Other instances of task lighting are in machinery, where a specific work area needs illumination, and in workshops, where a task light may illuminate the actual working area. Special instances of task lighting are examination and operation lights for medicine and surgery, as well as the dentist‘s lamp. Task lamps are also used for many home tasks such as sewing, reading, small repairs, model construction, crafts, writing, and many other activities. The actual task may range from very small up to about as far as you may reach with your hands or available tools. Lighting of larger areas is beyond the scope of task lighting
Benefits for individuals.
Task lighting and productivity. Much research has been conducted on the relationship between lighting conditions and worker productivity. Surveys continue to find that poor lighting and eyestrain are frequent worker complaints. Although it may be difficult to demonstrate a direct cause-and-effect relationship between lighting and performance in real world settings, we can make some common sense observations.
First, we must be comfortable to maintain productivity over the course of a day. There are enough demands and distractions that compete for our energy and concentration. Straining to see should not be one of them.
Seeing should be effortless and automatic. We spend a great deal of time and money trying to make ourselves comfortable so that we can be more efficient and productive. Yet frequently, proper lighting is neglected. If lighting is so poor as to make workers uncomfortable, then efficiency is going to decrease over the long term.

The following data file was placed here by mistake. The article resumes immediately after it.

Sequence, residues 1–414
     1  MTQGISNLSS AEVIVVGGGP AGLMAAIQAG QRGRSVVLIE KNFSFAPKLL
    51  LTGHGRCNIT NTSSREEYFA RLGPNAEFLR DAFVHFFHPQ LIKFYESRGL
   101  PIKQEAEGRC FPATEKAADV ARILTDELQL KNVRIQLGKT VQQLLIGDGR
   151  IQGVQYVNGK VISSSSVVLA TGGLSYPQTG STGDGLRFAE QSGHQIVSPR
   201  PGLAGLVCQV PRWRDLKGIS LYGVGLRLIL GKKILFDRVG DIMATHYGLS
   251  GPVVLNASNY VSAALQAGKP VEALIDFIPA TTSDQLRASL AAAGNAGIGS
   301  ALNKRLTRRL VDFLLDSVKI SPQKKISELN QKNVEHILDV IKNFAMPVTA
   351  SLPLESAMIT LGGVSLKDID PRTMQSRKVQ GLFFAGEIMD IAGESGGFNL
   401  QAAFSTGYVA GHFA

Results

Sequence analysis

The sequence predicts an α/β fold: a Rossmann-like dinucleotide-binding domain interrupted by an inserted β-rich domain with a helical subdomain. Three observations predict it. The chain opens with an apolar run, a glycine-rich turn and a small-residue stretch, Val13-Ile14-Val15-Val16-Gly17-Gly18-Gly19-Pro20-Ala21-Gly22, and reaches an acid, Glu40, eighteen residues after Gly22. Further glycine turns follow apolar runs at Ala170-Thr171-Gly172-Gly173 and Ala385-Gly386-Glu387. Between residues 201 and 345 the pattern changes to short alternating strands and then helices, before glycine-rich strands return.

However, once lighting reaches a “critical comfort level,” better lighting above and beyond that level will probably not increase productivity. Once lighting surpasses the critical comfort level, many other environmental factors interact to influence productivity.
LOCALIZED AVERAGE LIGHTING
Localized lighting consists of a luminaire that provides ambient light as well as task light. Often it is an uplighter with a light source that is directed downward. It is intended to be mounted immediately over the workplace, and it can be either hung from the ceiling, mounted on the desk or a dividing wall, or it can be a free-standing floor lamp. Recessed lights placed directly over the work area are another common example.
MAGNIFYING TASK LIGHTS